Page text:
Does My Safe Need Service?

Should you have your safe serviced on a regular basis?

Short answer: YES

The long answer is that a lot depends on the particular safe, its age, and your usage of it.

If you own a business and the items you keep in your safe are essential or at least important to the smooth day-to-day operation of your business, the answer is the safe should be on a maintenance schedule that reflects the frequency and character of use.

In other words, a safe in a business that gets opened and closed several to dozens of times daily should probably have its innards checked out by a safe technician at least once a year.

Several factors come into play here. If the safe is in a store and one or two people on each shift go in and out of it several or more times each, that safe needs more frequent inspections. Each user's treatment of the safe will invariably be a little different.

For instance, a fast food restaurant with two managers and two assistant managers, all with access to the safe, is generally a harsh environment. If they actually think about it at all, such users are interested only in opening and closing it quickly. Thinking about routine motions slows them down when there are counter people waiting for change and burgers in need of flipping.

Safe technicians love such customers, because they usually don't call for any help with their safes until they're locked out, and the lockouts are usually related to long, hard use without service.

It's different at a business like an office, in which the safe gets opened once in the morning at the start of a business day, then is left open until closing. This would be considered light use.

Safes in homes get even even lighter use; many homeowners with safes don't go in and out of them much more than one or two times per week, if that. I usually tell such safe owners they can probably get away with service every 4-6 years.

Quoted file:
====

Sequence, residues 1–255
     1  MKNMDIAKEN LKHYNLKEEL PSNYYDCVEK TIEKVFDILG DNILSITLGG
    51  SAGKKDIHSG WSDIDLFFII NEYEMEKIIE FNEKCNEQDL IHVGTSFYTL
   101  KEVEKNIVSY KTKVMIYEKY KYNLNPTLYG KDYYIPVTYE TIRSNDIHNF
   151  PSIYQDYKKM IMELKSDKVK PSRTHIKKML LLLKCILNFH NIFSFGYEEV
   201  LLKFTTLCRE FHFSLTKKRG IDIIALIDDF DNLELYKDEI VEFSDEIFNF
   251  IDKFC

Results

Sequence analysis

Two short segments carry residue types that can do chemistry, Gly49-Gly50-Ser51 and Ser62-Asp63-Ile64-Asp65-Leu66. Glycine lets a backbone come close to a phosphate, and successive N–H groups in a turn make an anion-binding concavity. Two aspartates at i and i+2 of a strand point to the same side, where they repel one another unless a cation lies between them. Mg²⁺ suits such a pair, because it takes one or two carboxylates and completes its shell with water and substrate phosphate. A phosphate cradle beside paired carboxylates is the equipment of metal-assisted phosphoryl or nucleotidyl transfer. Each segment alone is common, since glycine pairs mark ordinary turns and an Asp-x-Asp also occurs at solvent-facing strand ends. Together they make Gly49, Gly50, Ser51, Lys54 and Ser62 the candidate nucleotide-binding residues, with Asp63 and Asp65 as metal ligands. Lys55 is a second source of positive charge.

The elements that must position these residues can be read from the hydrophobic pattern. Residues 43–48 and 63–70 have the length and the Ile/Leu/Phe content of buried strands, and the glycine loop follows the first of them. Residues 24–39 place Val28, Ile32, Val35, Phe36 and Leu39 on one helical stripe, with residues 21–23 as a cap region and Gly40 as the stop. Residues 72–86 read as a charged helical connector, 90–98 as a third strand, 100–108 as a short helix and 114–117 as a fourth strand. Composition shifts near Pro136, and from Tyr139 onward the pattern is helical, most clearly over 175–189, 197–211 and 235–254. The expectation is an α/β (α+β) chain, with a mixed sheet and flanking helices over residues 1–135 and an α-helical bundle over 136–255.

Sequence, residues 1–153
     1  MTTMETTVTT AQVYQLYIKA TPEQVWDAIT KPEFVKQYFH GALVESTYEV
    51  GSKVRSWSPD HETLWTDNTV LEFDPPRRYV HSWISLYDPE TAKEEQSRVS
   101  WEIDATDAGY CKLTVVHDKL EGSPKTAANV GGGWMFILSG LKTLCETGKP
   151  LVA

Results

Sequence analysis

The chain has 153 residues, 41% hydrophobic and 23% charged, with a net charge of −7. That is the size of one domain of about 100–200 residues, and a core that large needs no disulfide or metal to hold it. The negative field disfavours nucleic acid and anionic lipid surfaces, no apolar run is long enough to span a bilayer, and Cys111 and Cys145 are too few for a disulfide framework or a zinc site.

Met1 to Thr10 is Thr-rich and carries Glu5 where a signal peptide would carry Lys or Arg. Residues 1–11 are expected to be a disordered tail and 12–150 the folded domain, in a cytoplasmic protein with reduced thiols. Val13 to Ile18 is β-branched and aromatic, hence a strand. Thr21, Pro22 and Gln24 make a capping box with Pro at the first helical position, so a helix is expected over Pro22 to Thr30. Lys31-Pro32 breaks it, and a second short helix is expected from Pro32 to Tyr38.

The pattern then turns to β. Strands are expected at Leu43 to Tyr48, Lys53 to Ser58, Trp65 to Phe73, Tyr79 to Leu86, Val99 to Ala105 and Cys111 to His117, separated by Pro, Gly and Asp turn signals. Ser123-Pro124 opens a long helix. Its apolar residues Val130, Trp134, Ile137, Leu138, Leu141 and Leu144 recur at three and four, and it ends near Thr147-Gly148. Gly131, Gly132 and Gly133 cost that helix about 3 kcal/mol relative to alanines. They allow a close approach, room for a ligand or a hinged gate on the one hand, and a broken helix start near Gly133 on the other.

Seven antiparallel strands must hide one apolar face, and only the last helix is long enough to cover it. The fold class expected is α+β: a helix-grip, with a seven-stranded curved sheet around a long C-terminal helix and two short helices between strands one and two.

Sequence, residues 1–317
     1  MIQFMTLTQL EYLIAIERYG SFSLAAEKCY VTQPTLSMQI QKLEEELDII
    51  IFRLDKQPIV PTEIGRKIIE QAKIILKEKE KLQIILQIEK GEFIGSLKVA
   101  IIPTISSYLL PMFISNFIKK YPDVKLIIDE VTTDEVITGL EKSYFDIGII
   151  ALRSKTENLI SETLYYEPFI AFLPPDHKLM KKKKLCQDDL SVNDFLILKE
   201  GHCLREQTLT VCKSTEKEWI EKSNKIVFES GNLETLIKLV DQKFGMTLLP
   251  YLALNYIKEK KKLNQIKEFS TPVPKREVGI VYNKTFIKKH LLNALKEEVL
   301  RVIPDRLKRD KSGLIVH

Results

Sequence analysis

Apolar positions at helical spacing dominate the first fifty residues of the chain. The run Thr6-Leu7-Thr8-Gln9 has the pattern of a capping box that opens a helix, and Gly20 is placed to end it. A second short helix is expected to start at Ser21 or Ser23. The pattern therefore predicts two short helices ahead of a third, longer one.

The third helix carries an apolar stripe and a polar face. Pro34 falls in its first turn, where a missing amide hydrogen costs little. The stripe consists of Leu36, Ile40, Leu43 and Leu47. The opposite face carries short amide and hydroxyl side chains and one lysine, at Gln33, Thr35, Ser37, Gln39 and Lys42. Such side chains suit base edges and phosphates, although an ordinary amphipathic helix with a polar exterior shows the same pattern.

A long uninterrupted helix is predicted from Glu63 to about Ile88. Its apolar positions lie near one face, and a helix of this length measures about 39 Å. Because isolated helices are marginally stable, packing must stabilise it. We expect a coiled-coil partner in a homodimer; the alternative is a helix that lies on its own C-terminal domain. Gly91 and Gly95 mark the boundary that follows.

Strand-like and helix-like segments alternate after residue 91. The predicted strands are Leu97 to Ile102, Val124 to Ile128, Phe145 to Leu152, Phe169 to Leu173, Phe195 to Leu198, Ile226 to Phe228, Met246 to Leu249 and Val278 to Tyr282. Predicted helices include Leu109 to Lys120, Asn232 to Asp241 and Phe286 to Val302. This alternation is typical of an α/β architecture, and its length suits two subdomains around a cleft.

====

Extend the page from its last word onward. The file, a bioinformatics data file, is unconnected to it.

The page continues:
But You're Charging More to Open It Than I Paid For It!
Is there some kind of unwritten rule that the price of my time and effort, applied on an on-call basis, at whatever location you summon me to, must never exceed the cost of your safe?
Nobody told me this.

When you buy the discount type (think Costco, Office Depot, Staples) safes, your dollar savings are on the front end. When you buy the discount safes (or even safes of decent quality) and use them but never service them, think of the cost of opening and repairing it after a lockout as paying for all that missed maintenance in one swoop, instead of having parceled it out over the years. I should add that some of the discount type safes are in effect almost unserviceable, being considered throwaways even by the people who make and sell them.

Problem is, you still need to get it opened before you toss it out, don't you? Hey, I didn't stick a gun in your ribs and force you to buy the discount box, did I?



But nobody ever told me my safe needed service!

Maybe so, maybe not -- I wasn't there when you bought it. Guess what, though . . . when you buy a car the salesperson rarely tells you that your car needs maintenance. It's generally understood that things with moving parts that you will be using for several years or more need some looking at now and then.

So whether you realized it not, doe not knowing that safes need periodic service somehow excuse you from paying for problems related to abuse, neglect, or misuse?

Short answer: NO
safecracker

Comments

Popular posts from this blog

Antique Safe Prices & Values: "How Much Is It Worth?"

How To Dial A Safe Combination

Safe Boobytraps: Tear Gas and Unknown Contents